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Your child might be already addicted

Okay, Bad News.


Your children are probably already addicted to their devices. They have been playing with electronic devices since they were old enough to hold an iPad or iPhone. What’s even worse is that the school probably requires them to have one entire class. To make things worse, you probably gave them a phone as soon as they were old enough to go to school. Every one of these devices is a dopamine button that can be hit hundreds of times an hour and children gets addicted every day.  

Does your children go to school that all students mandate possession of a tablet or laptop and spend most of the school day with a tablet or laptop and glued to smartphone when they get home.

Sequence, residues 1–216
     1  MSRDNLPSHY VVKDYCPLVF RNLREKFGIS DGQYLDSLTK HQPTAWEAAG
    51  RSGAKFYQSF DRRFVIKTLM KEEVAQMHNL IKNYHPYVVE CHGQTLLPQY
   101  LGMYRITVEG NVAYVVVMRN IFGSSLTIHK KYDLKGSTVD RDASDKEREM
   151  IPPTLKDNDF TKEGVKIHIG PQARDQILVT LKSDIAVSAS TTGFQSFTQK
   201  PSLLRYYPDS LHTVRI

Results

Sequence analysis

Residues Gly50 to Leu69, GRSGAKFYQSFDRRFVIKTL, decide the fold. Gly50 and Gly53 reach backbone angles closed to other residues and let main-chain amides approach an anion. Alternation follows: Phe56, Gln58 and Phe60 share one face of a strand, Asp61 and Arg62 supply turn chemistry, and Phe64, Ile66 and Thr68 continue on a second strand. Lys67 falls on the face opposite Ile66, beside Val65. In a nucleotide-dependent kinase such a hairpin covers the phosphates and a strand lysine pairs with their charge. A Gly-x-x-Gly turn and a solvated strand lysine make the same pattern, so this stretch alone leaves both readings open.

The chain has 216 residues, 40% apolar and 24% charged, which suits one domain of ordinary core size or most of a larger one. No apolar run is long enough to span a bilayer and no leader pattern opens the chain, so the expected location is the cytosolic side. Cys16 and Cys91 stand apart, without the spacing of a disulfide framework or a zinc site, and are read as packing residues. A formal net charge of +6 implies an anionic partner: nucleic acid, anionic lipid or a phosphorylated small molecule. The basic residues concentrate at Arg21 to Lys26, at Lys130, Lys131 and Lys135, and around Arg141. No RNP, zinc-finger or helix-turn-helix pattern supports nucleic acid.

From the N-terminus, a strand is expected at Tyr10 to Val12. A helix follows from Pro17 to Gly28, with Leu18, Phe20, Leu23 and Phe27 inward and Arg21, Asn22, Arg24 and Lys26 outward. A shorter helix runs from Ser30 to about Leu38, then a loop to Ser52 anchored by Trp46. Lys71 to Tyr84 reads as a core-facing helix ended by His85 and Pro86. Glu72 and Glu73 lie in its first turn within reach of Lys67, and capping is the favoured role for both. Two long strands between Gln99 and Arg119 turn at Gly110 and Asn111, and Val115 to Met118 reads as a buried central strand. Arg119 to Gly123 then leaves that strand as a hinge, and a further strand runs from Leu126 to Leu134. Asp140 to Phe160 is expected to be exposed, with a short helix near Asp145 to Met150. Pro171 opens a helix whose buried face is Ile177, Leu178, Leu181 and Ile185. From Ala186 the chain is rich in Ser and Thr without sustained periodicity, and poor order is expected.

There is barely a second of their lives when addictive social media and game apps are not at their fingertips.  


It will NOT be easy 


This is a new parenting challenge. You can’t ask your parent how she dealt with it because this is new kind of challenge that our parent have not dealt with before. But the answer isn’t difficult: Avoid Access. 

Be Aware! This won’t be easy. Expect a lot of teenage outright deception and fight back. Your children will try every trick that they can think of to get their access to devices.  

But you as parent must stand firm. Every time you successfully deny access, they are one step further away from addiction. Every time you fail, the opposite will happen. Your children may hate you for it for short time, but eventually they’ll thank you for it.